Financial engineering has come to dominate corporate performance, and this continues to contribute to the under-performance of the U.S. economy including the slow growth in labor productivity.

Over the past 55 years, corporate incentives have changed to the point where corporations think first about how they can engineer higher stock prices and then later look for ways to invest that money to improve operating performance.

Microsoft (MSFT - Get Report) provides another example of how a major U.S. corporation functions in such an environment, recently announcing another round of stock buybacks connected with a dividend increase.

These kinds of announcements seem to have become so important to stock performance that they are almost as vital to investors as earnings reports.

Microsoft said that it will buy back up to $40 billion of its stock and raise its dividend by 8%.

These move comes on the heels of another stock repurchase round of the same size that will be completed at the end of this year.

In recent years, Microsoft has spent almost $140 billion on stock repurchases.

The $40 billion plan this time represents about 9% of the total market value of Microsoft's stock at $442.7 billion, which is a big percentage.

Microsoft's stock has risen by 31% over the past year.

The question is whether this increase is due to the company's financial engineering or to the direction that Chief Executive Satya Nadella is taking.

Microsoft continues to perform exceptionally well as its return on shareholder's equity is about 31%, up from an average 26.8% over the previous three years.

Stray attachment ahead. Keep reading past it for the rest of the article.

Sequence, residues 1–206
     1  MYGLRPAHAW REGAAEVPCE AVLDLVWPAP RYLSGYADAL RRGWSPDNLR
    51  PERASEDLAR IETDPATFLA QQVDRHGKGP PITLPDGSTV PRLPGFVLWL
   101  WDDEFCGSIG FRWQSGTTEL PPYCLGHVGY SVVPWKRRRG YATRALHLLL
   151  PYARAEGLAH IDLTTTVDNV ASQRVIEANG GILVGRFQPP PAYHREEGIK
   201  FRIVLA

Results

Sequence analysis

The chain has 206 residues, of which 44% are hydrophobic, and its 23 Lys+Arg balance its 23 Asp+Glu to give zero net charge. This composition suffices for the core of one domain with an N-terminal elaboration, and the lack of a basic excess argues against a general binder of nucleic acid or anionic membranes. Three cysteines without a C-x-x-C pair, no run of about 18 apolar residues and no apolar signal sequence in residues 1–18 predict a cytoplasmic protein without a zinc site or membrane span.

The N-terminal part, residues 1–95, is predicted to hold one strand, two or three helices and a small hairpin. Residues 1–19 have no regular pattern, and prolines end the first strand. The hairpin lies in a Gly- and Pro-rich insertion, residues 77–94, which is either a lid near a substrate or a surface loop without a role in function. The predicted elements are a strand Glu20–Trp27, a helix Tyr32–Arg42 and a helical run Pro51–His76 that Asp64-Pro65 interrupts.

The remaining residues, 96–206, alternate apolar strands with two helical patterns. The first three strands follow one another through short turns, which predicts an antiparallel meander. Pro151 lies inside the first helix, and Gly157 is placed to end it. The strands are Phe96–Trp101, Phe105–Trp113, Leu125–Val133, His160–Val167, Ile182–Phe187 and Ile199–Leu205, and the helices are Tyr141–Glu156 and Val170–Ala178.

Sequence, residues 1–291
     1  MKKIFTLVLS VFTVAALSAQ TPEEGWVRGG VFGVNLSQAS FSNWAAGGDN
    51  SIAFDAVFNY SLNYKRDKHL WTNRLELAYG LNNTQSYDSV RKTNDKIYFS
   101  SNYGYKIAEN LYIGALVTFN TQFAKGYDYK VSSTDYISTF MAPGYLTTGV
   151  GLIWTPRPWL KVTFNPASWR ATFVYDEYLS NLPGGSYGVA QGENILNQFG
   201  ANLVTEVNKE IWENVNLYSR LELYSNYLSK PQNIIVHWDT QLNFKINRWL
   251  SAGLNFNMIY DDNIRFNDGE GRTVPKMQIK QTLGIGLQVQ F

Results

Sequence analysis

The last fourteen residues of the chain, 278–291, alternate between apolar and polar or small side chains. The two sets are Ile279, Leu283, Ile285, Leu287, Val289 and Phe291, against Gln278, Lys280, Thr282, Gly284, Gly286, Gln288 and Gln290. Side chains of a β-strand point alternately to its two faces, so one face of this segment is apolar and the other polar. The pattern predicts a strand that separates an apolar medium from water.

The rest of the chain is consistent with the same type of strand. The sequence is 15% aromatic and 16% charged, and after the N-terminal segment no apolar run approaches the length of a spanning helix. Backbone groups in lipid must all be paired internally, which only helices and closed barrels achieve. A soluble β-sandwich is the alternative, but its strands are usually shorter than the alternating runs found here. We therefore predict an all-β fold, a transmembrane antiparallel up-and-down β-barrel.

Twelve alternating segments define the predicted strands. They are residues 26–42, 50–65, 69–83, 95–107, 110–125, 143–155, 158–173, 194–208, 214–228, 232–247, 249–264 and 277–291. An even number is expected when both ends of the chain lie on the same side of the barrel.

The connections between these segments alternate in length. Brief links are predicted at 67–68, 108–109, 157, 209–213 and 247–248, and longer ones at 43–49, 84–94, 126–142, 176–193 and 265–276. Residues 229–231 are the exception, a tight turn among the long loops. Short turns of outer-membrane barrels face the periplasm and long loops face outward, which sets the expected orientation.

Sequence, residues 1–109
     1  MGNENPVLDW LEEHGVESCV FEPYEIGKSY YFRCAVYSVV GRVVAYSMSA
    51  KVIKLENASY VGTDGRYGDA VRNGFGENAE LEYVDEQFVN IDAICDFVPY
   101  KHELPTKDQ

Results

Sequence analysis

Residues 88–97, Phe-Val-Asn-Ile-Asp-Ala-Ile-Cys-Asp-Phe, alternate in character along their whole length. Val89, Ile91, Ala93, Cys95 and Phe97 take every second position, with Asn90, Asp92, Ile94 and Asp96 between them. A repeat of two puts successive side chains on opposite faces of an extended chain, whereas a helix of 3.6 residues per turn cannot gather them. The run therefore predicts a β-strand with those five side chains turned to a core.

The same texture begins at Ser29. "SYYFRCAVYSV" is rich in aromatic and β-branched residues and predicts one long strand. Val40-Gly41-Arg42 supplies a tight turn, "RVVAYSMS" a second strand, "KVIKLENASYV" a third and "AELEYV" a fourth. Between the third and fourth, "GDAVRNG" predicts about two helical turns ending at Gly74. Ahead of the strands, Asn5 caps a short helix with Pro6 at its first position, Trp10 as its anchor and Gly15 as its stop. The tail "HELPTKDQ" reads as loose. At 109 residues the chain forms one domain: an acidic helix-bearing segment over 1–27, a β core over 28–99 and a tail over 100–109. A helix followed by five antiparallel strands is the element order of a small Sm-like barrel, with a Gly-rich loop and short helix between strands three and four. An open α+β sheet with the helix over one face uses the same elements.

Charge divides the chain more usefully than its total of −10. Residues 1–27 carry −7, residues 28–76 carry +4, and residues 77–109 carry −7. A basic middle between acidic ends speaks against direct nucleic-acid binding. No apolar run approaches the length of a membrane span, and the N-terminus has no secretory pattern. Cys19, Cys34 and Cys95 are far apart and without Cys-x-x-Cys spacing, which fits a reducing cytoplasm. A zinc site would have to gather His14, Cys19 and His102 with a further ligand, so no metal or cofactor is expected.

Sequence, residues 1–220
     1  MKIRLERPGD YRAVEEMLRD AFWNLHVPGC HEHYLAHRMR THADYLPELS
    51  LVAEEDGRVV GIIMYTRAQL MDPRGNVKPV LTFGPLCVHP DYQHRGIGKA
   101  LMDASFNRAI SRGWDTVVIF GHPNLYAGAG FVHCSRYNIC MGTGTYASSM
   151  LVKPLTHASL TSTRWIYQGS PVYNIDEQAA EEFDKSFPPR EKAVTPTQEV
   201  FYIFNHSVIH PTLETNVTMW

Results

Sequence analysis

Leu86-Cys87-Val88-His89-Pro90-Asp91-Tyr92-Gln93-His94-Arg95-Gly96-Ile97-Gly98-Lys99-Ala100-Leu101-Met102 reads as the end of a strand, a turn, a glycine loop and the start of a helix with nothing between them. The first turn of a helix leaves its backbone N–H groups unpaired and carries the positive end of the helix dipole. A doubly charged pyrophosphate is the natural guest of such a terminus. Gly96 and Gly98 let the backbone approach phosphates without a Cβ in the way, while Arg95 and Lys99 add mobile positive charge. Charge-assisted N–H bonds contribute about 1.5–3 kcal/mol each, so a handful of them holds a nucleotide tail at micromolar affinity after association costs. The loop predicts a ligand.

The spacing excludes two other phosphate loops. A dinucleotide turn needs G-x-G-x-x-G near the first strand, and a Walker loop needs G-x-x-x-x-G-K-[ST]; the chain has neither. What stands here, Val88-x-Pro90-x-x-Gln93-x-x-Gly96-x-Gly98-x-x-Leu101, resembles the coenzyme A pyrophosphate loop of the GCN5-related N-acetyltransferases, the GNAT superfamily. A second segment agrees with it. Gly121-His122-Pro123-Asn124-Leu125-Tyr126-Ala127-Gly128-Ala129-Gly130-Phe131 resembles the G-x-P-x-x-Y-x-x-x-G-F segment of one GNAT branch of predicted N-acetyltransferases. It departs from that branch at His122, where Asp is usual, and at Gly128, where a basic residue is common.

As such, Microsoft still qualifies as a company that possesses a sustainable competitive advantage.

But the massive flows of cash that Microsoft generates aren't going into any kind of capital investment but instead into financially engineered outlets.

The whole economy seems to be facing this kind of problem. Businesses aren't investing in capital to expand their operations or to improve labor productivity.

Money is churning around the financial system, supporting other assets and not supporting production. As a consequence, economic growth is miniscule, the growth of labor productivity is almost non-existent, and wage increases are small and primarily due to increases in minimum-wage rates.

The stock buyback and dividend increase are good for shareholders, who aren't generally part of the lower 90% of the income classes, and with the prospects for sustained earnings flow, that will continue to benefit Microsoft investors.

Given the growing popularity of financial engineering, that will continue to support this kind of environment, making investing in Microsoft smart, even if Nadella doesn't achieve all his goals and objectives.

But it isn't the optimal in terms of achieving a more robust economy.

Unfortunately, the Federal Reserve is a major contributor to this environment. And as long as its policy is aimed at underwriting a buoyant stock market, the focus on financial engineering won't cease and capital investment will continue to suffer.

This article is commentary by an independent contributor. At the time of publication, the author held no positions in the stocks mentioned.